Published: Mon, June 18, 2018
Money | By Arnold Ball

Audi CEO Rupert Stadler arrested in diesel emission case

Audi CEO Rupert Stadler arrested in diesel emission case

Stadler, 55, who joined Audi in 1990 and has been its CEO since 2007, has enjoyed the full backing of VW's top brass so far. The arrest has been made in connection with Audi's parent company Volkswagen's role in emissionsgate (dieselgate). Stadler has denied any involvement.

VW has admitted that it cheated emissions testing by equipping diesel vehicles with software that turned on pollution controls during the tests and then turned them off at other times. The luxury carmaker is also being investigated for allegations of fraud and illegal product promotion.

Rupert Stadler was arrested by Munich police on Monday in relation to knowledge of Audi vehicles being fitted with a cheat device that altered the engine's output when a vehicle was being tested in a laboratory as compared to the everyday use.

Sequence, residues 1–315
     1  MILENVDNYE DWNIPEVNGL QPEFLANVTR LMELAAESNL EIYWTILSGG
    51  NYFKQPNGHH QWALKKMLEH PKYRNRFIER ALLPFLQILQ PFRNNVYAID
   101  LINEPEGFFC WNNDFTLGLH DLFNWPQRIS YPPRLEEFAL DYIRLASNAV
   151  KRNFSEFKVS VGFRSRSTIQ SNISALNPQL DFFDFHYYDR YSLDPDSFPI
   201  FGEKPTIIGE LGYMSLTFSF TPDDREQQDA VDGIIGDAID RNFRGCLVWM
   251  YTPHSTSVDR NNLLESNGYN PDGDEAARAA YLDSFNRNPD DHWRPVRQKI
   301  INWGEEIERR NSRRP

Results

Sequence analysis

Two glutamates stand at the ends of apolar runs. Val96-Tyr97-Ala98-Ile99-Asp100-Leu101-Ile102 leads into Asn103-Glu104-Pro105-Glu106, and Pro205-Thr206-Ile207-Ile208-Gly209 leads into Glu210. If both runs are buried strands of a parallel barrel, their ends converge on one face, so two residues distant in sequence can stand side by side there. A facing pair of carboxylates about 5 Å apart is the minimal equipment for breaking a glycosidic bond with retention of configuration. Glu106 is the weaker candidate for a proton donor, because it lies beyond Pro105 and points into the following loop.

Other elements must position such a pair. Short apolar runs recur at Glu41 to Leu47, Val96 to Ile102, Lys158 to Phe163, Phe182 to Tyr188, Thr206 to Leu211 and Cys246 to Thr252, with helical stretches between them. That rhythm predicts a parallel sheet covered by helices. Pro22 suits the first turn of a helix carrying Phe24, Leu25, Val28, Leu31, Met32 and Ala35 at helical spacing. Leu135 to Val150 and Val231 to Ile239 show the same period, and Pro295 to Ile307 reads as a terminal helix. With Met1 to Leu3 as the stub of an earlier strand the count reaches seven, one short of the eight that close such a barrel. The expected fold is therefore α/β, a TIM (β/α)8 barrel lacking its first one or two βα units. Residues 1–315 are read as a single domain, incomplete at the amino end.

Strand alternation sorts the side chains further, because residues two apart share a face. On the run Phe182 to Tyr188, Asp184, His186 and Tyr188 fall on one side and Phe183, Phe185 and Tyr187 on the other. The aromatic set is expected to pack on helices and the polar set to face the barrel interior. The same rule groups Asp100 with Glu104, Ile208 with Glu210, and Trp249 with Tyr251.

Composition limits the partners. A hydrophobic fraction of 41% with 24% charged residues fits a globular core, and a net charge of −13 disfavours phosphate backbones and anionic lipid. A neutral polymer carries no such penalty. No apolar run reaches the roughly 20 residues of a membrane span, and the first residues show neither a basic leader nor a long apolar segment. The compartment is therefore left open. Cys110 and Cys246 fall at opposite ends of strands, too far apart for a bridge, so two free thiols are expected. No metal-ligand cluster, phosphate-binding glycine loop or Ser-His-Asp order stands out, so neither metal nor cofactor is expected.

Audi had no immediate comment. The executive was arrested at his home in Ingolstadt.

The Munich prosecutors said Stadler's arrest was not made at the behest of USA authorities.

The prosecutors' office recently widened its emissions cheating probe to include Stadler among the suspects accused of fraud and false advertising.

And The Associated Press reports that Stadler, who has spent almost 30 years working for Audi, is under investigation for "fraud and indirect improprieties with documents".

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Seehofer, who also created a new Heimat (homeland) ministry , has been a thorn in Merkel's side for years. The political deadlock ended in with the CDU and CSU agreeing to govern with the Social Democrats (SPD).

Audi and VW said Stadler was presumed innocent unless proved otherwise.

VW has pleaded guilty to criminal charges in the United States.

A German judge has ordered that Stadler be remanded in custody.

The second suspect is Bernd Martens, Audi's head of purchasing, according to a person familiar with the investigation who declined to be identified because prosecutors hadn't disclosed the name, Reuters reported.

The emissions scandal first emerged in 2015.

But investigations are continuing elsewhere. Last week, German prosecutors fined VW 1 billion euros over the scandal.

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